2.     The basics of how to read a financial statement

Almost no one learns how to do this in seminary. (Let me know if you did!) Some of you may have learned in another career, or learned on the job in ministry. I always recommend Ministry and Money: A Practical Guide for Pastors, by Janet T.  Jamieson and Philip D. Jamieson. They tell you exactly what to look for and how to prepare for a finance committee meeting. I still have to work hard to read a statement. Words are my native language, not numbers. However, I keep getting better.

3.      Someone to ask about it

For many of us in ministry, dealing with money doesn’t come naturally. We like the softer relationship and spiritual side of our work. However, attending to the bottom line is also part of the job.

Find someone you feel comfortable with and ask them questions. One of my early mentors was particularly helpful. I knew I could call him up and he would answer my questions without making me feel dumb.

4.      Your own cash flow and net wealth

How much are you bringing in and how much are you spending/giving/saving? I recommend you keep track of it month to month. I know it can be difficult to find time for it, as well as dealing with the emotional resistance to it. My daughter swears by the app You Need a Budget. It helps her track both cash flow and net wealth.

5.        Your worth doesn’t depend on your net wealth (or your church’s)

I’ve quit using the phrase “net worth” even though it’s in common usage. It’s all too easy to assign our value based on that bottom line figure. We can experience deep shame about past financial decisions and current circumstances. No matter how much money you have or don’t have, or how much debt you have accumulated, you have infinite value. No matter what the bottom line is at your church or how successful the latest stewardship campaign has been, your ministry has value. Never forget that.

None of these things happen overnight. I’ve been working on my relationship with money personally and professionally for over 30 years. I’m still learning. Everything I learn contributes to my life and what I have to offer to others.

What are you learning about money right now?

The one thing every pastor should know about leadership

Here’s one thing I learned about church leadership: It’s not about changing others. This was a hard-won lesson for me, after years of trying to do just that. And it was a relief when I finally learned it.

What is church leadership, then, you may ask. Isn’t that what I’m here for? Isn’t that my call?

Well, no. If people change, they do it themselves in partnership with the Holy Spirit. We can help create conditions that make it more likely change will happen. And the truth is, one of those conditions is that we aren’t in their faces all the time telling them they should change. Typically, that has the opposite effect!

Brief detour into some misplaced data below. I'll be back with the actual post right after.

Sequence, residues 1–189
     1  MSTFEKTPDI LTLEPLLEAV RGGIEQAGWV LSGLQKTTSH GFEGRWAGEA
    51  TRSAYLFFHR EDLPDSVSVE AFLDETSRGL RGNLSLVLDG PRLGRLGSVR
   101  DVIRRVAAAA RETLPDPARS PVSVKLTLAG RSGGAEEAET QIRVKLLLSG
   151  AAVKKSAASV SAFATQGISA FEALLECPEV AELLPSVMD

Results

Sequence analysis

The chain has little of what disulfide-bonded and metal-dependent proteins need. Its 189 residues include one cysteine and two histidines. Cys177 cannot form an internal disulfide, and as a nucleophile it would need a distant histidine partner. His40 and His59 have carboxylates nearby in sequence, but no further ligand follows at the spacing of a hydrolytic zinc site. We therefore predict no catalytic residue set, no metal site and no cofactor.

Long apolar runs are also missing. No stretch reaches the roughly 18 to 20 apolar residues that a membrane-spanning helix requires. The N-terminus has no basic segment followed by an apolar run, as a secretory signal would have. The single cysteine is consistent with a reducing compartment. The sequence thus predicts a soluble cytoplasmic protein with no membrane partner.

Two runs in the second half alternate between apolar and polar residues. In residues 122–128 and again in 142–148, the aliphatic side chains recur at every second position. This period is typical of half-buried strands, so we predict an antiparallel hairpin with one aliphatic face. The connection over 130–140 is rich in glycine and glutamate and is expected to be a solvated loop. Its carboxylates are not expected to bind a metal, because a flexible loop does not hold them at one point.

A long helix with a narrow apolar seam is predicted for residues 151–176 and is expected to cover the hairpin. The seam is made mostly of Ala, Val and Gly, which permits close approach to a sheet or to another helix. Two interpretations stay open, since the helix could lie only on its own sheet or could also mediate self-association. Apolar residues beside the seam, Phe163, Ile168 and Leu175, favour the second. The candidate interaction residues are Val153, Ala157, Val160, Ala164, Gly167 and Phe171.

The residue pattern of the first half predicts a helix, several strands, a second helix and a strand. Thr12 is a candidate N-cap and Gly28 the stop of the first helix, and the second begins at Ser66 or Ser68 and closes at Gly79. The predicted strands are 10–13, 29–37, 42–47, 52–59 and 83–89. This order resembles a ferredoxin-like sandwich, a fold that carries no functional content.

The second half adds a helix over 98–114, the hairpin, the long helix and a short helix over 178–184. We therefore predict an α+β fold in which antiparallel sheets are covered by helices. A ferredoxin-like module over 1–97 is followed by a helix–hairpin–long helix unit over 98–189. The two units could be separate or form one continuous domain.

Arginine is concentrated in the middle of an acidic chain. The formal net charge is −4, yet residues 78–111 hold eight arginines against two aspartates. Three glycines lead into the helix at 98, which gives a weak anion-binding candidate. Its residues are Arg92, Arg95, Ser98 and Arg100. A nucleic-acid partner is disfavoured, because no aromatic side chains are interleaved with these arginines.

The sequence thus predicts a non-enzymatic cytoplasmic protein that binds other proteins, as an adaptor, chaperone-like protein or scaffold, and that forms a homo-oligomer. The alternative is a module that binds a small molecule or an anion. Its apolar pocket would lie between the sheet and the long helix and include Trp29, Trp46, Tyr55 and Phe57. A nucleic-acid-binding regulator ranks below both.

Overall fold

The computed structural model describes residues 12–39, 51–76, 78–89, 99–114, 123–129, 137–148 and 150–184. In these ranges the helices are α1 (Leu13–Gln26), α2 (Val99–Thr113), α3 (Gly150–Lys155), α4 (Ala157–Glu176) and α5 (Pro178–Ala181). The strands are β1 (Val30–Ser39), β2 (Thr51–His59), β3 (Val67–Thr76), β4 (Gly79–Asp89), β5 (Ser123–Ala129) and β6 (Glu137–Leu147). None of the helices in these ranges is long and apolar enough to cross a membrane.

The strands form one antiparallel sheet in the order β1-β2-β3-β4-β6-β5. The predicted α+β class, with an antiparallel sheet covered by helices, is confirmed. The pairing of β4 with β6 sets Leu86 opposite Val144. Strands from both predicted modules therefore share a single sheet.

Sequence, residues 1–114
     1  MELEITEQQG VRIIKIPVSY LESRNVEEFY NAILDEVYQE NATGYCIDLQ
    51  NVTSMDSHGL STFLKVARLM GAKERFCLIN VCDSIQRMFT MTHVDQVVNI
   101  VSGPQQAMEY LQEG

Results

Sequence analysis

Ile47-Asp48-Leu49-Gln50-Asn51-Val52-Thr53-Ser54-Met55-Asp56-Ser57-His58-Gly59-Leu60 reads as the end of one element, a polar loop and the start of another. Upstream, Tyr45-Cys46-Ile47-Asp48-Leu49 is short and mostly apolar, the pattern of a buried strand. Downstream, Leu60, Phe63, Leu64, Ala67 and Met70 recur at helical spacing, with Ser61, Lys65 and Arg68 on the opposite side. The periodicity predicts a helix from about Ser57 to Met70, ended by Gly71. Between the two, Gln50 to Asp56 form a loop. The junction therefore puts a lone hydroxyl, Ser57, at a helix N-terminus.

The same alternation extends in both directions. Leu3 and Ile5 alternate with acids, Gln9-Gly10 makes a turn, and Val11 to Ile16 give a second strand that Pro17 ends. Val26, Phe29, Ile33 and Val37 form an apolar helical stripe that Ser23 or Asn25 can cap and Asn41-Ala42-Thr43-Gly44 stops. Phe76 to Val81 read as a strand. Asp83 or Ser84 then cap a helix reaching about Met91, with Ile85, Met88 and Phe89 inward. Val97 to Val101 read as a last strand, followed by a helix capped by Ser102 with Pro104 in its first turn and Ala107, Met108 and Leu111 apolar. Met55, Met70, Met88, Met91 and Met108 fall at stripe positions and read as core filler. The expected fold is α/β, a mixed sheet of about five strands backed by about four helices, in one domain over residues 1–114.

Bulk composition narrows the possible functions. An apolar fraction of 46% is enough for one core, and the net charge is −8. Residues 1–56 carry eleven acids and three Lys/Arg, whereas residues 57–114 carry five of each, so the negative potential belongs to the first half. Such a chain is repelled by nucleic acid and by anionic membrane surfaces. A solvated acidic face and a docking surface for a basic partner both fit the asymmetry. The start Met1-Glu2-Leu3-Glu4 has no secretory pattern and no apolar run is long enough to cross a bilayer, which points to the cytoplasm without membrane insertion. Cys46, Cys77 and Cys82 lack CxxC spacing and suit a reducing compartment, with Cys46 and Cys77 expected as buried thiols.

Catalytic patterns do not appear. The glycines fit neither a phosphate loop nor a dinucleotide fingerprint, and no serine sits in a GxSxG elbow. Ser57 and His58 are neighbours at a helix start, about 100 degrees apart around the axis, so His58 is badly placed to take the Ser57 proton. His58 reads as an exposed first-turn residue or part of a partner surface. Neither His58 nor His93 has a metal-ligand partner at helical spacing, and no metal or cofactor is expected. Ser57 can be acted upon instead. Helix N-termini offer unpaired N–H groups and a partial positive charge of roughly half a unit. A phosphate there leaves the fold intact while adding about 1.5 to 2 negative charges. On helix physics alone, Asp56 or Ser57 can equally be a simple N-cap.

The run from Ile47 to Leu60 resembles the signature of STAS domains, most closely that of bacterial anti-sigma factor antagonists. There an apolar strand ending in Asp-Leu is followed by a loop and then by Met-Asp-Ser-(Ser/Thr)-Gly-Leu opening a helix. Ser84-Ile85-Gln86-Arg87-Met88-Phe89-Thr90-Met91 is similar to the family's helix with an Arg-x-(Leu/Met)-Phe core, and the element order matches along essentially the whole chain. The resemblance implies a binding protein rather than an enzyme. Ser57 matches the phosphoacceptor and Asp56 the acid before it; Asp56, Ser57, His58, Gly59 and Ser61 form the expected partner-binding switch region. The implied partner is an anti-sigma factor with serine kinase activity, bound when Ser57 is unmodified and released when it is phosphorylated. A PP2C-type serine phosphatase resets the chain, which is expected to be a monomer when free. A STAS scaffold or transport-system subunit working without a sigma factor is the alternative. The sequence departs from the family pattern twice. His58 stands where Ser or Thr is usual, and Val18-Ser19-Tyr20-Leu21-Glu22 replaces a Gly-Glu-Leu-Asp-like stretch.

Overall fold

You may wonder, What am I supposed to do instead? This is the job of pastoral leadership:

1.     Work on yourself and your own clarity. Know who you are. Know what you believe about God’s call on your life and ministry, and your understanding of how God is leading you forward. Be yourself in your ministry — your best self, not your sleepy pajama-clad self, or your cranky need-a-snack self. Pay attention to your own growth and put to work what you are learning.

2.    Connect. Show up and be present. Stay in relationship with key people in your congregation. For change to happen, little by little, you have to build relationships. You connect with people for their own sake, not simply to convince them to come along with you.

Over time, you do develop allies. But it starts with simple connection. Who are the key leaders and influencers? Have coffee with them. Connect, in person, in a way that works for them. Ask them questions. Listen and be pastoral. Remember, you are in a years-long process. Even if the situation seems urgent, take the long view.

3.   Stay calm. When change happens, people get upset. If people react to where you want to lead, it’s a sign you are on to something. Don’t take it personally: it’s not about you. Rabbi Edwin Friedman used to say “Don’t get reactive to the reactivity.” The main thing is to keep your head. Recognize that this is part of the natural process of leadership. If you react, step back and think it through. Get someone to help you reflect on your experience and see what you can learn from it.

As you face people’s reactions, you can repeat #1 and #2. Ask yourself: 1) “What do I think? What principles are at work here? What do I believe? What is my call?” Then 2) “Where can I connect? Whom do I need to talk to?” That doesn’t mean you need to process endlessly with someone who is upset about something. But don’t avoid them, either. Make sure to connect with those who give you energy as well as those who drain it.

Then, repeat #1, #2 and #3. Over and over. Yes, it’s hard. Yes, it’s tiring. Yes, leadership is a challenge. However, remember to pay attention to what is right, what is working, what are the small achievements. Be patient.

Like you, I so want things to be different, better, easier. I have to remember that all change takes time. While vision is important, I don’t ultimately know what is best. I have to trust God is in the process.  Over time something new may emerge I never even imagined. The key part is how I manage myself. What happens right now is only momentary. This little upset won’t matter in a year, or ten years — or in heaven. My job is to pay attention to myself.

All clergy should memorize and put to work these words of Warren Bennis, a business leadership expert: “Becoming a leader is synonymous with becoming yourself. It is precisely that simple, and it is also that difficult.” (On Becoming a Leader, p. 9)

How are you attending to your own growth?

Are you addicted to other people’s words?